• If you feel like having a break from teaching just do it, do not hesitate! You might want to spend 6 months or even a year in China and teach English there. What do you think about it? You could travel, explore China and earn a decent salary. Me, Cez and Sarah (from http://thefurtheradventuresofbennett.com/ are currently working on a book on how to teach abroad focused on China. If you want, we can keep you posted and let you know when it will be fully completed and published so you might want to read it and feel like going to China to teach and have some adventures!

  • Looks very rewarding, what an amazing opportunity!
    I know the feeling well – recently quit a permanent job to travel and write. But in Geneva, was at the UN when I came across a TV Reporter preparing for a live interview – gave me that pang of missing the job & adrenaline… but that’s a good thing when you see work as a profession not just a job – it always stays with you.
    Enjoy the adventures!

    • I agree Anisha. As they say “Doing what you like is freedom and liking ehat you do is happiness” I love teaching and this is what really makes me happy. If you miss your job, maybe you can get back to work or work for yourself as a reporter while being on the road.

  • Hi folks. I can whole heartedly recomend teaching ESL in China. Spent a year working at a private language school in Beijing. The school sorted out my visa, and everything else. China is a good country to teach in, very easy. Thanks.

  • Hi Agness! Thanks for this post! I got my CELTA in Phuket last year and I’m looking forward to beginning my teaching career. I’m Italian, so not a native speaker of English and I know that there’s resistance form schools..I’ve been told that in China and Cambodia I would have more chances of getting a job..I’m heading back to Thailand in 2 weeks, trying to get a job there, otherwise i will head to Cambodia…Do you think it’s really impossible to make a living on that in Cambodia? I’m working as digital nomad as well, but it’s not enough to support me…
    I love teaching, I hope I will get a job somewhere!

    • Hey Mary! Congratulations on your CELTA certificate. To be honest, I don’t think you are going to make a living for a salary you will receive in Cambodia. Whether you are a native speaker or not, you will be quoted $5 per 1 teaching hour which is 60 minutes. Most of the schools can’t afford paying you more and giving you more than 10-16 hours per week. The classes are huge (approx. 30-40 students in one class) so you will be tired after two sessions and you will earn only $10 per day. I know Cambodia is a very cheap country to live in, but mostly for locals. You will be asked to pay more as you are a foreigner. No matter how good your Khmer language is and how many people you know, people will expect you to pay more, sometimes the same price as you would pay in Europe. I was working in a Khmer school in Siem Reap earning only $200 per month, but that was just to get more experience and not to get bored there so that was not the main source of my income. I paid $60-$70 per month for my house and more than $10 for my food per day. I was travelling as well, but rarely went out at the weekends which saved me a lot of money. In Thailand you can definitely earn more between $800 and $1.300 for a full-time teaching position. There are more restrictions though – you need to have some experience and references, etc. but you can definitely make a decent living for that money and still save a lot of money. Have you ever thought of coming to China? It’s a paradise for foreign teachers :)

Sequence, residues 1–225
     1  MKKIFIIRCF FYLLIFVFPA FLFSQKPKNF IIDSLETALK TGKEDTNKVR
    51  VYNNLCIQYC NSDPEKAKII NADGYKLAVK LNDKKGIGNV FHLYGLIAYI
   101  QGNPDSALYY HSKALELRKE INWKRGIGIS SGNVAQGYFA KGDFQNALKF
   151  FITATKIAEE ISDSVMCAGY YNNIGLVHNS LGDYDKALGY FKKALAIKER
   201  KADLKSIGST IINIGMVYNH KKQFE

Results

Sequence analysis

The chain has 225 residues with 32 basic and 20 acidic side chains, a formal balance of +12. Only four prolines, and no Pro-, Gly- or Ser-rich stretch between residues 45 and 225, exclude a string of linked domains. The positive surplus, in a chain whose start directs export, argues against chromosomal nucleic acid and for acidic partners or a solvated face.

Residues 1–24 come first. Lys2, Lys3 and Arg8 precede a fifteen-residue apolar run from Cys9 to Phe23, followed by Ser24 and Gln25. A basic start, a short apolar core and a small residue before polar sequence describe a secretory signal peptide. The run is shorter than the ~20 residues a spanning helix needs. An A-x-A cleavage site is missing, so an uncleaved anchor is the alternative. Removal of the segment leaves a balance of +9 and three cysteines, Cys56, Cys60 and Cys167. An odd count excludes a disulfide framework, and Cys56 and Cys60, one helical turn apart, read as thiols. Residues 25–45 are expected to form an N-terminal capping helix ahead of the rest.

• Thanks for sharing your experience! you are the first person that suggests me to go to China! I mean i’ve been told I would have more chances, but many people told me they couldn’t stand living there…I will see once I get in Bangkok! Safe travels guys! :-)

      • You’re welcome Mary. If it doesn’t work out for you in Bangkok, you can always come to China :):) We would be more than happy to help you accommodate here :-D

  • Hi Agness,
    thanks a lot for the tips and pics related to your experience “Cambodia vs China”.
    I am a teacher and I am considering moving to Asia after one year after I got my CELTA. Cambodia is on top of my list.
    However, due to the fact that I did not complete my BD and I am not native, I also think it is better to go and look for a job on the spot.

    So my question is: do you think 2.000 dollars are ok to start settling? This would mean flights and insurance already paid.

    Also, considering that school resources are limited, I feel a bit “scared” by my own teaching capabilities and the fact that I have little experience.

    The smiles of these kids are the factors which drive me the most. If I could afford it, I would just go and help them volunteering.

    I hope you can give me an answer :)

    Happy teaching,
    Chiara